Malaysia will lose its competitive economic edge if its politics continue to cater to racial and religious extremes, a former senior diplomat warned today.

NONERazali Ismail (left), who was a diplomat for 35 years before retiring in 1998, warned that although polemics - the practise of one-sided political arguments - was inescapable in multi-racial, multi-religious Malaysia, it must not translate into a welfare state.

"If you just want to be a backwater country somewhere, that's a different story.

"But we are in a strategic position (for economic growth) ...all the differences between us have to be worked out," Razali said at the Prime Lecture on Culture 2013, where he was invited to speak on "polemical politics" by the Tourism and Culture Ministry.

To emphasise his point, Razali cited that Malaysia's rivals, such as Singapore, Thailand and Indonesia, already woke up to global realities and are well on their way to fortifying their own economies to attract foreign investments. 

During his years as a diplomat, including as ambasadors to several European counctries, he saw almost all countries he served in as seeing Malaysia as a stable country.

However, Razali added, his international friends have of late started to question the divisive goings-on in the country.
"They are confused, their confidence has been shaken... As public servants, there is no way out but to do the right thing."

In his speech to a room full of about a 100 high-level ministry officers, the former president of the UN General Assembly said that he sensed a high degree of sensitivity and resistance to change, especially among young bumiputeras.

"Any suggested changes by the prime minister in line with the New Economic Model (NEM) apparently has been met by some bumiputera with a inertia...

"We should not let populist polemics lead us to squander possibilities by attaching our fates to a debilitating culture of welfare dependency," he said.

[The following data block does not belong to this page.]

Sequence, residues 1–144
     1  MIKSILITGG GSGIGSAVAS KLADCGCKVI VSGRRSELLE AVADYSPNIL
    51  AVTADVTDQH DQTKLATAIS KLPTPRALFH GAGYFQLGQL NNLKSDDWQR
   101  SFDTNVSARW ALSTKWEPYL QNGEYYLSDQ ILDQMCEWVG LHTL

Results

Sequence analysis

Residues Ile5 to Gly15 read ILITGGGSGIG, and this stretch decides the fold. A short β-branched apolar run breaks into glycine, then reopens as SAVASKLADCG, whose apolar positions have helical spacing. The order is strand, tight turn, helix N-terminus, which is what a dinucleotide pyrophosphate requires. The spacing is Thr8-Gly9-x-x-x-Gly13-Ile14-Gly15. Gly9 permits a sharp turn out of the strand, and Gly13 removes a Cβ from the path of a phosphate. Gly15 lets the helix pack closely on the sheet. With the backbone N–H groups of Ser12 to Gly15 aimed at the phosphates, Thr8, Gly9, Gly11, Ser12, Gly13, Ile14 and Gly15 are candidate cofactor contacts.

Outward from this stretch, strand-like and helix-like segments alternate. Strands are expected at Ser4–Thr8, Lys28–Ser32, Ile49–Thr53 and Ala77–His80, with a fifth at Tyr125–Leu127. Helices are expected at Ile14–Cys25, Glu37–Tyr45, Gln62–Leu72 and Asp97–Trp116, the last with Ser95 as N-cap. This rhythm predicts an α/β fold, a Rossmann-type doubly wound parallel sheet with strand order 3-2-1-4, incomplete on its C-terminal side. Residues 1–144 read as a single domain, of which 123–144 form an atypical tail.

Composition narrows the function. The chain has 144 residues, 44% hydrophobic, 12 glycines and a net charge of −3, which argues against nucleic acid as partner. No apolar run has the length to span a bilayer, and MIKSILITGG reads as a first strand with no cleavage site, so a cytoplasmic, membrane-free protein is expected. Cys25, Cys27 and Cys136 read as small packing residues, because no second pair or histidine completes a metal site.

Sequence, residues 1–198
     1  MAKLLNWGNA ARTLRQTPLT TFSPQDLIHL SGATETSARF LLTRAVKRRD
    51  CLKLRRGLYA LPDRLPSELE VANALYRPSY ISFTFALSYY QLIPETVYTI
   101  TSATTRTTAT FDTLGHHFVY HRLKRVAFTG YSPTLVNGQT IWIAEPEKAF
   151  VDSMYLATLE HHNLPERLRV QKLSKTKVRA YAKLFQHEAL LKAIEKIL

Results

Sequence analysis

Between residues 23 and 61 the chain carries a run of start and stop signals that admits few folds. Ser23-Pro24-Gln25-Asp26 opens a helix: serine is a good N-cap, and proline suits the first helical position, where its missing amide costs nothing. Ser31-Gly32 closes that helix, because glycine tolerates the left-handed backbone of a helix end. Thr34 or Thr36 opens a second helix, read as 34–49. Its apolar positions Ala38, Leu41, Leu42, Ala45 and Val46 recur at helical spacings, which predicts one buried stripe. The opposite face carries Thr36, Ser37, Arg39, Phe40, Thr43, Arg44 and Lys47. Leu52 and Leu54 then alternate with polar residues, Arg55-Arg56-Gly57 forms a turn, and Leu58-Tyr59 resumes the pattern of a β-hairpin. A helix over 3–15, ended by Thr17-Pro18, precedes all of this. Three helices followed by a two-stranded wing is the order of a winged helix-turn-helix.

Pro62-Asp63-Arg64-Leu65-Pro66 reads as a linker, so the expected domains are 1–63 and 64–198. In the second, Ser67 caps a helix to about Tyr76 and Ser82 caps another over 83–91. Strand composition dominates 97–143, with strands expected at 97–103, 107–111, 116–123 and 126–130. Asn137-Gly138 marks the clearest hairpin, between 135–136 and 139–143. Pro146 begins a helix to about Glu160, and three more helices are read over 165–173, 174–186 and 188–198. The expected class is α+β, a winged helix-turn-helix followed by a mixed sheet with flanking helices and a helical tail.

Gov't must also tackle corruption

NONEPrime Minister Najib Abdul Razak (right)  introduced the race-free NEM in 2010 and ended the pro-bumiputera New Economic Policy (NEP), which was initiated by his father Tun Abdul Razak after the racial riots of May 13, 1969.

Recently, Najib appeared to be skewing the economy back towards bumiputeras-enriching policies with his Bumiputera Economic Enhancement (BEE) measures.

Meanwhile, Razali further urged the government to tackle corruption in all forms.

Razali, who is also chairperson of the Global Movement of Moderates, said he recently met with young activists and came out feeling concerned.

"The younger generation are beginning to lose faith and confidence in public institutions," he said.

He cited that while political masters had sound ideas and good policies, the implementation part of the process was often poor.

"There are all these questions. The question of accountability comes out regularly... you say you want to stop corruption, but how are you going to do it?"

Razali, 74, has served as Malaysian ambassador to Poland, Germany, Czechoslavakia, Hungary, and he was High Commissioner to India before becoming Malaysia's permanent  representative to the UN.

He was the UN Secretary-General’s Special Envoy for Myanmar from 2000 to 2005, and was also a former president of the World Wildlife Fund (WWF) Malaysia.